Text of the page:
I had lived in Vancouver very briefly as a child and it was during that time when I was first exposed to the art of the Northwest Coast Native American Indians. It was the towering colorful totem poles out in Stanley Park that everyone gazed at with wonder and appreciation. It took about 30 years later during a return trip to Vancouver when Northwest Coast Native American art caught my eyes again.
I was in Vancouver for business and landed at the city’s new airport terminal. One could not help but notice the huge native carvings near the arrivals area. Later on during my stay, I decided to wander around in the Gastown district. It was in these shops and galleries in Gastown where I fell in love with Northwest Coast Native American art. I saw many wonderful wooden plaques representing different animals. There were also art prints, paintings, masks, wooden bowls and even furnature with these animals either painted or carved right into the pieces.
The colors and designs, which might be considered a bit exaggerated to non-native eyes, were striking as well as bold. I knew at that time that I wanted to include some of this magnificent artwork on my walls back at home. So I bought two plaque carvings and carried them home like newly found treasure.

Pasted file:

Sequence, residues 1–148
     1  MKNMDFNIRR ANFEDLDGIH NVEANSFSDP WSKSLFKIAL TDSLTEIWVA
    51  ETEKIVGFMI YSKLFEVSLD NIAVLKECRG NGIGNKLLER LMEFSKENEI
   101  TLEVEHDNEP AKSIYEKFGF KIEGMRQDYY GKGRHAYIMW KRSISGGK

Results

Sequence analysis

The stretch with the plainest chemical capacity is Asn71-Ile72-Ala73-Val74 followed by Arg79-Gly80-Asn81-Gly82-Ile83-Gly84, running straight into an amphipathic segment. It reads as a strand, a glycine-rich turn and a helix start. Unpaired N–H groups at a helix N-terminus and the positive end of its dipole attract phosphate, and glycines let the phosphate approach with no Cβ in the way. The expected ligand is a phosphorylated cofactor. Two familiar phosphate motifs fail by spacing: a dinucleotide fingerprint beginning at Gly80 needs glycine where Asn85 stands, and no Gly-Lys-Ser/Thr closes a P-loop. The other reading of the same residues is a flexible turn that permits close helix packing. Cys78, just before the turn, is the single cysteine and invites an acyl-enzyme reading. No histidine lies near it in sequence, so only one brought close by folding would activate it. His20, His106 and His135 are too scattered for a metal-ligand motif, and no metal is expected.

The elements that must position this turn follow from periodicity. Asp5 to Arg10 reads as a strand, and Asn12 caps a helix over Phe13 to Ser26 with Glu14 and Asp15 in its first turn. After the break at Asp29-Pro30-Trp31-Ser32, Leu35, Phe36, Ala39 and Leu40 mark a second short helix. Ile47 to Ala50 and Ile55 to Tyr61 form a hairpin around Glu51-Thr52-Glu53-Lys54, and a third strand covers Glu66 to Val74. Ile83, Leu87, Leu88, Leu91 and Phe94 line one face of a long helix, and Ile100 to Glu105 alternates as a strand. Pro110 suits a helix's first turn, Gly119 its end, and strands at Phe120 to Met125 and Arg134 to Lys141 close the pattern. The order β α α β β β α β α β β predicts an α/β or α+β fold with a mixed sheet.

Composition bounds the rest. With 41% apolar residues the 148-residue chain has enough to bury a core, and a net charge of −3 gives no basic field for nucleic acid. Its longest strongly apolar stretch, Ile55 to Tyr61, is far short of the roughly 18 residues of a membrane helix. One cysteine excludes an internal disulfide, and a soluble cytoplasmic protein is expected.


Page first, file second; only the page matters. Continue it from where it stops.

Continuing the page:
Historically, the native Indians who lived along the river valleys and coastal waters of the Pacific Northwest were all hunters and gatherers. The region was blessed with abundant resources from both the seas and forests. These people captured in their artwork the animals they hunted and observed. These included bears, killer whales, eagles, ravens, salmons, wolves, hummingbirds and even frogs. Chiefs and mythical characters important in their legends such as thunderbirds were also included as art subjects.
Northwest Coast Native American art is just only recently gaining some major attention in some galleries and museums around the world. Compared to other native arts such as Inuit (Eskimo), exposure of Northwest Coast Native American art is still rather limited to the northwest coast of Canada and the United States. This form of artwork is virtually unknown to most parts of the world including many regions of North America. This will hopefully change as more people from around the world travel to Vancouver. The future winter Olympics in 2010 up in Whistler, BC will also have a positive impact on the region’s Native Indian art. I personally believe that Northwest Coast Native American art has a lot of potential to be internationally recognized and accepted.
(To see this article complete with photos of actual carvers and their artwork, go to http://www.FreeSpiritGallery.ca)